Tag Archives: cia

The Darker Side!




















President George W. Bush on the United Nations International Day in Support of Victims of Torture – June, 26, 2003 –

“The United States is committed to the world-wide elimination of torture and we are leading this fight by example.  I call on all governments to join with the United States and the community of law-abiding nations in prohibiting, investigating, and prosecuting all acts of torture and in undertaking to prevent other cruel and unusual punishment. . . . Nowhere should the midnight knock foreshadow a nightmare of state-commissioned crime.  The suffering of torture victims must end, and the United States calls on all governments to assume this great mission.”

I am still shocked at all the relevations of torture and abuses perpetrated by the CIA and American military of detainees during this ridiculous War on Terrorism.  I think it has gone about as well as The War on Drugs and the War on Keeping Fat People Out of McDonalds.  But I have been troubled the last few days over President Obama’s refusal to release the rest of the alleged detainee torture photos.  His reasoning is sound stating that there is no need to further endanger American troops in Iran and Afghanistan.  I buy that argument under the premise that we were assured that the photos are no worse than the photos already released.

But logic dictates that that there is something faulty with the premise.  If the photos are no more malevolent than those previously released, then what is the problem of releasing them?  Retired Army General Antonio Taguba who investigated Abu Ghraib in 2004 told the U.K.’s Daily Telegraph newspaper that the remaing photos show images of  “torture, abuse, rape, and every indecency.”  Two of the alleged photos are said to depict a male U.S. soldier raping a female prisoner while another has a male U.S. translator raping a male prisoner.  Other assaults are said to include a trucnheon, wire and a phosphorescent tube.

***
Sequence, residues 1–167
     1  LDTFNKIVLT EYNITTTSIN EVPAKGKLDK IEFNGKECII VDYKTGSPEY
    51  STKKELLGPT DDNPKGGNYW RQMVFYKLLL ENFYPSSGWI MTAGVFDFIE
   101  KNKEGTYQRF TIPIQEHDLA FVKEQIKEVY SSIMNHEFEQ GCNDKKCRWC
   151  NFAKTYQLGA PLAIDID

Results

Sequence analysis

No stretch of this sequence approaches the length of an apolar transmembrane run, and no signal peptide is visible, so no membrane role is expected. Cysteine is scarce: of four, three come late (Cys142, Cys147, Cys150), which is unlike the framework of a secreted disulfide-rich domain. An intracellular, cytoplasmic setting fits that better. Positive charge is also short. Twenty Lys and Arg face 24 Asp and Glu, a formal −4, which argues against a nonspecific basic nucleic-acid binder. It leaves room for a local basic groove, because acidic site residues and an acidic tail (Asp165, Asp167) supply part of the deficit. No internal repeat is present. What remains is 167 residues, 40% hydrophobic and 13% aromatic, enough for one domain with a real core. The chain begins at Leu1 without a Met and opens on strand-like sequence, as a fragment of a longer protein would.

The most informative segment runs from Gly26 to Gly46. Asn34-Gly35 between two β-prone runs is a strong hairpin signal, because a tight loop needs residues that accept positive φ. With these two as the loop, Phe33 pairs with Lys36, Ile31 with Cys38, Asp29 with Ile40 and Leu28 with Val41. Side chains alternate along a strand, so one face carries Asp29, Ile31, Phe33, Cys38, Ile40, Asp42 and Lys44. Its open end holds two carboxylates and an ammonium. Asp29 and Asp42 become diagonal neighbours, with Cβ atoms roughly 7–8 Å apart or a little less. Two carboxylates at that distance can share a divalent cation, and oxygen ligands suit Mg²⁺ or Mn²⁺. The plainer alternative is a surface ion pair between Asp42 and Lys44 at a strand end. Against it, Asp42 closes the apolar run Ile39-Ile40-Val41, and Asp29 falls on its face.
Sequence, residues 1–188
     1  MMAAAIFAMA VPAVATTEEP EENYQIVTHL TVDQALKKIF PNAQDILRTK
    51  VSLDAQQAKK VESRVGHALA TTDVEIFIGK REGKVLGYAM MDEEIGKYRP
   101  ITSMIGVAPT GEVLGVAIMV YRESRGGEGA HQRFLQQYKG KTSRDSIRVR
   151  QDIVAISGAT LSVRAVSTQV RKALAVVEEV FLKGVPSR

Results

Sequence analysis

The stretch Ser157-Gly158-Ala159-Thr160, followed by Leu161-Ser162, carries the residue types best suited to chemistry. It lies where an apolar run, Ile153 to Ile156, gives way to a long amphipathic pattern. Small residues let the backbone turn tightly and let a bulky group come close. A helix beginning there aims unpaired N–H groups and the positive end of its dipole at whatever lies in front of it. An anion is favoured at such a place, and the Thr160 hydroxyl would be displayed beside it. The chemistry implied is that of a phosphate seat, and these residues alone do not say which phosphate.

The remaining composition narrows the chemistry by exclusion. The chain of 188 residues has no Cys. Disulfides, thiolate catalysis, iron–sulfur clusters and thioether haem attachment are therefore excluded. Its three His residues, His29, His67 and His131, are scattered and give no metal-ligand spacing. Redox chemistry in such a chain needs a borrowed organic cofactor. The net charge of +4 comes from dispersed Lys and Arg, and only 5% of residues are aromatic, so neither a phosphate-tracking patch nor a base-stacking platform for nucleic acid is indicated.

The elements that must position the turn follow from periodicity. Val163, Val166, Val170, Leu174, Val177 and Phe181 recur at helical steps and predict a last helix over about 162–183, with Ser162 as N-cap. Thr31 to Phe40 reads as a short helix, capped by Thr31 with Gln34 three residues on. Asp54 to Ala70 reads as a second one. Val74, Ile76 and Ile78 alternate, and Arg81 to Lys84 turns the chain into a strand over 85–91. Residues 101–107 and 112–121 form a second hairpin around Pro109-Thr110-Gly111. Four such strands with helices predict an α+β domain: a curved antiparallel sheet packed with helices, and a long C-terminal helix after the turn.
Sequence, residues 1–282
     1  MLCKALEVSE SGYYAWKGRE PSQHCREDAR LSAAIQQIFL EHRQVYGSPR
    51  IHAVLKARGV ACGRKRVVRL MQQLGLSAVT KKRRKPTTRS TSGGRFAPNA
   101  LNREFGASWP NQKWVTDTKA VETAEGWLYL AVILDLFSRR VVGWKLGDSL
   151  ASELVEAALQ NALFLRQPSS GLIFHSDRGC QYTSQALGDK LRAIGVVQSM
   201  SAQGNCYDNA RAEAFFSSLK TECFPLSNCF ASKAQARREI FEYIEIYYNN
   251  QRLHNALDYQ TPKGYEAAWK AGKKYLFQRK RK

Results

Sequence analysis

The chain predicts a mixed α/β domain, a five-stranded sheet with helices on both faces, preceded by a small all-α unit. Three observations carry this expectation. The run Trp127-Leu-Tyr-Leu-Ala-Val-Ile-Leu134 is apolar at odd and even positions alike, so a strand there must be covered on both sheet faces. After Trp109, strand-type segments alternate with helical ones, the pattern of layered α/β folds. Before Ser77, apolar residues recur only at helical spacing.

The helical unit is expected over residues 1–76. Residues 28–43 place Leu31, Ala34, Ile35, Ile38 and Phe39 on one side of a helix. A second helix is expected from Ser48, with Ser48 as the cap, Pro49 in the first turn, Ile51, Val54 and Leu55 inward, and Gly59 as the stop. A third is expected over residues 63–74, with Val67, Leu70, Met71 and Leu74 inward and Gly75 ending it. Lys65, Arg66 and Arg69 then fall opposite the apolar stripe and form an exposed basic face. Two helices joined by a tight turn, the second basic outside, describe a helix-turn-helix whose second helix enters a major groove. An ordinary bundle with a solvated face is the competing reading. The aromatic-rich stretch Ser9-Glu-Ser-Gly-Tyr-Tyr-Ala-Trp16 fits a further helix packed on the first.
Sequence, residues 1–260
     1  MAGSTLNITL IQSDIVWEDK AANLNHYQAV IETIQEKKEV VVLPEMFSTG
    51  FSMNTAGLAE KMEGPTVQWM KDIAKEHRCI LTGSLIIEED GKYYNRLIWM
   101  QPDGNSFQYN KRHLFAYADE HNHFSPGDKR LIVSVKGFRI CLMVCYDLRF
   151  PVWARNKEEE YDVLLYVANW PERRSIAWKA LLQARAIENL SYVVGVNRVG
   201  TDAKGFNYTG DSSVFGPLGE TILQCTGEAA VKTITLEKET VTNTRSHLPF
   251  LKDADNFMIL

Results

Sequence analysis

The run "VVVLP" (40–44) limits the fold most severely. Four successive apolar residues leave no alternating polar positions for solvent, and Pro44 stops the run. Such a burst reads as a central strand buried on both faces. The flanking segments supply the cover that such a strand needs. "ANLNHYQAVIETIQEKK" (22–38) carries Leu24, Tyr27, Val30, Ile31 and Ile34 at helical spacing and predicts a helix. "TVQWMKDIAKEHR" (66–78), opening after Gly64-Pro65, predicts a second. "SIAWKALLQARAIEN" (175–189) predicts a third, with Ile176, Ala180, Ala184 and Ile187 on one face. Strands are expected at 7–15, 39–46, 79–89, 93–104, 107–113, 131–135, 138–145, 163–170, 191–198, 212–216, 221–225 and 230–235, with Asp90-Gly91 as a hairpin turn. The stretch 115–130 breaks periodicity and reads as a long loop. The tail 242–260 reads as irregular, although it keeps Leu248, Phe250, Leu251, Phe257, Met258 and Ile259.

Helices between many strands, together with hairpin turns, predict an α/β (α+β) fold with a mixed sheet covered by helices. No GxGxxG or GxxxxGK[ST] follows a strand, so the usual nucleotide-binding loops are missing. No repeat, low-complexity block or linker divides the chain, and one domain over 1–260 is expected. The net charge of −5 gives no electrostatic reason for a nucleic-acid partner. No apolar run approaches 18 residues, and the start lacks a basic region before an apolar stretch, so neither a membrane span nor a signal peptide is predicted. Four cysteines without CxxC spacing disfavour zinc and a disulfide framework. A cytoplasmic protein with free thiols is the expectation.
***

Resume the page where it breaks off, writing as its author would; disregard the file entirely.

Of course the Pentagon has denied these allegations saying that the Telegraph had misquoted General Taguba.  The alarm level was raised even furhter when White House Press Secretary Robert Gibbs went on to slam the reliability of the Telegraph.  My only question is what reason would a retired flag officer from the Army have to lie?  And why is the White House so vehemently trying to paint the Telegraph as some sort of National Enquirer.  The only answer is to release the remaining photographs.  The Obama Administration came in with a message of transparency.  My only hope is that they don’t become the Orwellian Ministry of Truth!  Winston Smith worked for the Bush Administration.



Filed under Politics

Police Brutality!










I try my best to help the ignorant masses to get informed.  I don’t put out my public service announcements for my benefit.  Obviously, this neer-do-well has never seen my “Staying Safe from the Police!” PSA.  His dumb ass should have known that if the police have to come and get you, then they’re also bringing an ass whipping.

Now this doesn’t excuse the behavior of the officer who should have been fired on the spot.  To kick a man in the head while he is laying prostrate on the ground is an act of brutality that should never happen.  However, the prisoner can console himself that he was fortunate enough that Dick Cheney and the CIA wasn’t after his ass.